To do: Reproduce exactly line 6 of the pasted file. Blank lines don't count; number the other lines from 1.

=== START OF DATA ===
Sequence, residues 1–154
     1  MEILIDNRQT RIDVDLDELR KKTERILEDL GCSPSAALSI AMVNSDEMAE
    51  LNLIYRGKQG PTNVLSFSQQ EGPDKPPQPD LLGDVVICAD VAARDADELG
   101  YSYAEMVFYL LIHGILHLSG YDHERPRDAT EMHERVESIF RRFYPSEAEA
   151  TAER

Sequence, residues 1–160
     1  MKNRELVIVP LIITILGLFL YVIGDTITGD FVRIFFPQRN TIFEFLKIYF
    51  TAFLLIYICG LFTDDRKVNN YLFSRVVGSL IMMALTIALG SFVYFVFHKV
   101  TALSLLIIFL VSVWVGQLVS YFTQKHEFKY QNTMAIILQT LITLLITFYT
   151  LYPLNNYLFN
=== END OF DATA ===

Sequence, residues 1–160